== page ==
# Tutorial¶

hmmlearn implements the Hidden Markov Models (HMMs). The HMM is a generative probabilistic model, in which a sequence of observable $$\mathbf{X}$$ variables is generated by a sequence of internal hidden states $$\mathbf{Z}$$. The hidden states are not observed directly. The transitions between hidden states are assumed to have the form of a (first-order) Markov chain. They can be specified by the start probability vector $$\boldsymbol{\pi}$$ and a transition probability matrix $$\mathbf{A}$$. The emission probability of an observable can be any distribution with parameters $$\boldsymbol{\theta}$$ conditioned on the current hidden state. The HMM is completely determined by $$\boldsymbol{\pi}$$, $$\mathbf{A}$$ and $$\boldsymbol{\theta}$$.

There are three fundamental problems for HMMs:

• Given the model parameters and observed data, estimate the optimal sequence of hidden states.

• Given the model parameters and observed data, calculate the model likelihood.

• Given just the observed data, estimate the model parameters.

The first and the second problem can be solved by the dynamic programming algorithms known as the Viterbi algorithm and the Forward-Backward algorithm, respectively. The last one can be solved by an iterative Expectation-Maximization (EM) algorithm, known as the Baum-Welch algorithm.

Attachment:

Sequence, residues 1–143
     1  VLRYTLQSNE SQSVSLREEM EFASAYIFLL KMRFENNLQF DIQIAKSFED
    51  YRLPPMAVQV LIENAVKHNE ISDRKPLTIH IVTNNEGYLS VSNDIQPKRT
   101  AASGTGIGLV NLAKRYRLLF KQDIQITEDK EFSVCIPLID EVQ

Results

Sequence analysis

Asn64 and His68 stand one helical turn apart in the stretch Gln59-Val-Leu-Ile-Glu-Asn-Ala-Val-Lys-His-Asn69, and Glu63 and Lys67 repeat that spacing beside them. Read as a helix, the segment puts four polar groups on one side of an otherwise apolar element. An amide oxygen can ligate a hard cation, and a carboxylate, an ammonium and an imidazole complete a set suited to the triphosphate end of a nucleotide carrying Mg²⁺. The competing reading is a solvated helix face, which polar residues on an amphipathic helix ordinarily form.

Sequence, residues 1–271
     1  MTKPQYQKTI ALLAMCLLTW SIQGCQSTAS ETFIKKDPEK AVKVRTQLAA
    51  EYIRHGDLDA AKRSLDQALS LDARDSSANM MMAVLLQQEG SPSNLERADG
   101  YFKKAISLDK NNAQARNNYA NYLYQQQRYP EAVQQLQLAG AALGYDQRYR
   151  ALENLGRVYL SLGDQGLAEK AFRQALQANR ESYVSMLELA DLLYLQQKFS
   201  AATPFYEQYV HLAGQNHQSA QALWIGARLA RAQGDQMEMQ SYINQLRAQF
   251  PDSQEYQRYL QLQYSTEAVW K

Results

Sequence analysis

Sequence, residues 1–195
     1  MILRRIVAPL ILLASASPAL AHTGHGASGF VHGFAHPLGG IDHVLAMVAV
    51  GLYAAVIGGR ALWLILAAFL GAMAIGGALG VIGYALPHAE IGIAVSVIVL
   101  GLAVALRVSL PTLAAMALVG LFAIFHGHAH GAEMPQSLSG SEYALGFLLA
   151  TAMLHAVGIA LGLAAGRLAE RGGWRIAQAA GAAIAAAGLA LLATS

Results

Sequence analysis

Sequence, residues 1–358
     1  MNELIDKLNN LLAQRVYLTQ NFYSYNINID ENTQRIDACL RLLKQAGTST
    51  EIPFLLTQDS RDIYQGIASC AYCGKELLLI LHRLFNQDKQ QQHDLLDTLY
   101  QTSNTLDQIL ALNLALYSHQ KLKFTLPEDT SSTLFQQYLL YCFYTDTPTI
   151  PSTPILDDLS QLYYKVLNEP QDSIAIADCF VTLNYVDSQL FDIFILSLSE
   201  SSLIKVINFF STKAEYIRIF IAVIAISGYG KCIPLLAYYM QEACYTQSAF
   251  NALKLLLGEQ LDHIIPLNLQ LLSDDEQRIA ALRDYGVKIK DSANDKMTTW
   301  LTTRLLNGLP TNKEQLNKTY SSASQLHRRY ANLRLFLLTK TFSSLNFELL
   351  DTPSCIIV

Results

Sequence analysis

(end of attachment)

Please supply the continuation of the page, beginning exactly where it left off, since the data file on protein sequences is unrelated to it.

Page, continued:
References:

• Lawrence R. Rabiner “A tutorial on hidden Markov models and selected applications in speech recognition”, Proceedings of the IEEE 77.2, pp. 257-286, 1989.

• Jeff A. Bilmes, “A gentle tutorial of the EM algorithm and its application to parameter estimation for Gaussian mixture and hidden Markov models.”, 1998.

• Mark Stamp. “A revealing introduction to hidden Markov models”. Tech. rep. Department of Computer Science, San Jose State University, 2018. url: http://www.cs.sjsu.edu/~stamp/RUA/HMM.pdf.

## Available models¶

 hmm.GaussianHMM Hidden Markov Model with Gaussian emissions. hmm.GMMHMM Hidden Markov Model with Gaussian mixture emissions. hmm.MultinomialHMM Hidden Markov Model with multinomial (discrete) emissions.

Read on for details on how to implement a HMM with a custom emission probability.

## Building HMM and generating samples¶

You can build a HMM instance by passing the parameters described above to the constructor. Then, you can generate samples from the HMM by calling sample().

>>> import numpy as np
>>> from hmmlearn import hmm
>>> np.random.seed(42)
>>>
>>> model = hmm.GaussianHMM(n_components=3, covariance_type="full")
>>> model.startprob_ = np.array([0.6, 0.3, 0.1])
>>> model.transmat_ = np.array([[0.7, 0.2, 0.1],
...                             [0.3, 0.5, 0.2],
...                             [0.3, 0.3, 0.4]])